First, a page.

The Tesla Model S Long Range Plus is the first EV to receive an EPA range rating of over 400 miles.
Since 2012, Tesla has been perfecting its Model S electric supersedan (a CleanTechnica term). The original version had only 265 miles of range. Tesla has noted that it has revisited every aspect of the design to bring about the longest-range and highest-performing EVs it can.
As of today, all North American Tesla Model S Long Range Plus vehicles have the official EPA-rated range of 402 miles. This is a 20% increase in range compared to a 2019 Model S 100D with the same battery pack design.
All Model S cars made since late Jan have 402 mile range. This is just making it official.
— Elon Musk (@elonmusk) June 16, 2020
Tesla noted in its blog post that this achievement reflects Tesla’s “obsession with efficiency and energy frugality,” which is shown through changes in the hardware and design. These new changes went into production in 2020 when Tesla started manufacturing the Model S Long Range Plus in its Fremont factory. Tesla also explained some new things about the car on its blog which I’ll discuss further below.
Significant Mass Reduction
Tesla explained that many lessons from the creation of the Model 3 and Model Y have been added to the Model S and Model X. This has opened new doors to mass reduction while keeping the look and feel that Tesla is known for. Tesla has also reduced its weight by standardizing its in-house seat manufacturing and using lighter-weight materials in its battery pack and drive units.
Tempest Aero Wheels & Tires
Tesla has new 8.5-inch aero wheels that reduce aerodynamic drag in comparison to previous wheels on the Model S Long Range. When paired with a new custom tire that is specifically engineered to reduce rolling resistance, that adds another 2% improvement to the overall range — one that the EPA clearly noticed.
Increased Drive Unit Efficiency
Tesla replaced the mechanical oil pump in its rear AC-induction drive unit with an electric one. This new pump “optimizes lubrication independent of vehicle speed to reduce friction.” In other words, Tesla has created a way to reduce friction regardless of how fast the vehicle is going.
Another improvement is to the gearbox in the motors shared with Model 3 and Model Y. These improvements resulted in another increase of 2% more range while driving on the highway.
Maximizing Regenerative Braking
Tesla introduced a new feature, HOLD, that blends the motor’s regenerative braking with physical brakes to easily bring the vehicle to a stop by easing off the accelerator pedal. To do this smoothly, Tesla’s regenerative braking is now working at a lower speed and deceleration rate. This sends more energy back to the battery while also keeping the driving experience at the Tesla standard. Tesla is known for its driving experience — no messing with that.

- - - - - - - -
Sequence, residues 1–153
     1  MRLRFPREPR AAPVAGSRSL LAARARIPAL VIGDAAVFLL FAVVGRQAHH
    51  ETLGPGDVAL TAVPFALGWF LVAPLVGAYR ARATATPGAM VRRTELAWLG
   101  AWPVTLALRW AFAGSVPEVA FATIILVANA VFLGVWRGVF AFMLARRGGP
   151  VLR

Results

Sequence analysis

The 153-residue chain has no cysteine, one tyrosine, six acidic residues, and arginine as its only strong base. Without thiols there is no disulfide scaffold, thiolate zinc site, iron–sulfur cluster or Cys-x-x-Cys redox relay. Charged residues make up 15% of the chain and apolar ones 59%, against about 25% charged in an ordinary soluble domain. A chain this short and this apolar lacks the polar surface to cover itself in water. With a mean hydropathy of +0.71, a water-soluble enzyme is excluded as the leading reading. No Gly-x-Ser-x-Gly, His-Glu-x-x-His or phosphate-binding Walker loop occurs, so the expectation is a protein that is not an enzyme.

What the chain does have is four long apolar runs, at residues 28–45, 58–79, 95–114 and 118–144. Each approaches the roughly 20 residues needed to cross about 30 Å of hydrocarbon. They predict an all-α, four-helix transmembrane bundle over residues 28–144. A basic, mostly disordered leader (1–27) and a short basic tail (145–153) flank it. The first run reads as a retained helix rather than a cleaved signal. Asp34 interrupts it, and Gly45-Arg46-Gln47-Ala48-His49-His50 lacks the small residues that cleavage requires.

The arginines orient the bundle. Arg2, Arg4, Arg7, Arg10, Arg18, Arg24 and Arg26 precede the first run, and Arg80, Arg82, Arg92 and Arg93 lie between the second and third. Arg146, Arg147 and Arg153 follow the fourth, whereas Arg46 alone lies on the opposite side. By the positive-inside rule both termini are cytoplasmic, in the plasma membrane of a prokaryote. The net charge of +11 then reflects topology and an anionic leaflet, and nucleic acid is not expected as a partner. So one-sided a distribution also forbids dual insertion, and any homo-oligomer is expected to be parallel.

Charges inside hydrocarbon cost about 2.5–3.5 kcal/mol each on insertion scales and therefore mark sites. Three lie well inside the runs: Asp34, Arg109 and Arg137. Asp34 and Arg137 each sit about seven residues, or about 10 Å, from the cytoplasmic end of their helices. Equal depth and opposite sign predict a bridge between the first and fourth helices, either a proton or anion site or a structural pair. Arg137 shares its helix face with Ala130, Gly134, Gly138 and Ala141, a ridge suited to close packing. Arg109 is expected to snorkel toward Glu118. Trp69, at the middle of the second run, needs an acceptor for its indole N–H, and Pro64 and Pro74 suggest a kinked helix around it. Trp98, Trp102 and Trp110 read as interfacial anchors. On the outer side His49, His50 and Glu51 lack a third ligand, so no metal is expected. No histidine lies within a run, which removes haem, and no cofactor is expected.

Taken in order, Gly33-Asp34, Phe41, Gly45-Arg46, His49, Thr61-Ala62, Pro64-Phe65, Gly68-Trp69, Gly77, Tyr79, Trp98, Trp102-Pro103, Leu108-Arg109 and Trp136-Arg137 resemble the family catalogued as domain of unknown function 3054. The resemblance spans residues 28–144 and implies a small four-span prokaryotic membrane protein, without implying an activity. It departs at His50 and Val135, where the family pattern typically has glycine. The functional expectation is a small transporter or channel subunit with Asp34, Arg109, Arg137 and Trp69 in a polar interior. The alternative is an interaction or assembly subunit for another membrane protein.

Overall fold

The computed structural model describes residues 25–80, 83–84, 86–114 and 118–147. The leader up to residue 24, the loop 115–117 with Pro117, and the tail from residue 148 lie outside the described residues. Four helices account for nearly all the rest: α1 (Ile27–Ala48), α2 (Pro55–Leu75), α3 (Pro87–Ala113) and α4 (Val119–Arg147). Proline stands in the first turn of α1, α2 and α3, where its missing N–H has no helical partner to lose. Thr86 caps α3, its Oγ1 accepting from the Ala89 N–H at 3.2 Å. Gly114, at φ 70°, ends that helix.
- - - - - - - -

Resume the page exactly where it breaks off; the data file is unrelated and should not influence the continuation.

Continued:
Continued Investment in Supercharging
Tesla wants its customers to have that sense of freedom to go anywhere, and this is why the Supercharger network exists. Tesla keeps building out its network at a fast pace. In fact, there’s now one 5 minutes from my apartment. Check your area via the map at the link above if you haven’t done so before (or haven’t done so recently).
Tesla has deployed it’s newest versions of Superchargers, V3 Superchargers, on three continents. This helps one charge their car faster, by giving up to a 50% decrease in charging times when compared to Tesla’s previous V2 Supercharger technology.
EPA & Tesla Soap Opera
You may recall there was a bit of controversy a little more than a month ago after Tesla CEO Elon Musk noted that the original test of the Model S Long Range Plus was faulty, would be redone, and would then show 400+ miles of range. The EPA denied that the testing had been faulty for some reason, which appeared to confuse Elon Musk.
Weird that EPA would deny this. We have precise car logs that confirm it happened. Happy to provide them.
— Elon Musk (@elonmusk) May 4, 2020
A story in 4 acts #Tesla #ModelS pic.twitter.com/WJRSFWz0ug
— 💎🐾Esteemed Earl of Frunkpuppy🐶 (@28delayslater) June 16, 2020
More specifically, when the EPA first tested the Model S for its range rating, the tester reportedly left a door open. When Elon Musk mentioned that on a conference call, the EPA denied it, and many headlines followed. Some writers claimed Elon lied and worded their articles around the assumed idea that it was going to remain a lower rating. It turns out, though, that Elon Musk was right on the money and that the range was above 400 as he predicted.
This is just one of many successes that Tesla has secured despite the claims of naysayers, critics, and boldfaced headlines that hound Elon Musk and Tesla. With its 402 EPA range rating, Tesla exceeds the goal of 400 and is continuing to reshape yesterday’s auto industry into one that is worthy of the 21st century.
I don't like paywalls. You don't like paywalls. Who likes paywalls? Here at CleanTechnica, we implemented a limited paywall for a while, but it always felt wrong — and it was always tough to decide what we should put behind there. In theory, your most exclusive and best content goes behind a paywall. But then fewer people read it! We just don't like paywalls, and so we've decided to ditch ours. Unfortunately, the media business is still a tough, cut-throat business with tiny margins. It's a never-ending Olympic challenge to stay above water or even perhaps — gasp — grow. So ...
Sign up for daily news updates from CleanTechnica on email. Or follow us on Google News!
Have a tip for CleanTechnica, want to advertise, or want to suggest a guest for our CleanTech Talk podcast? Contact us here.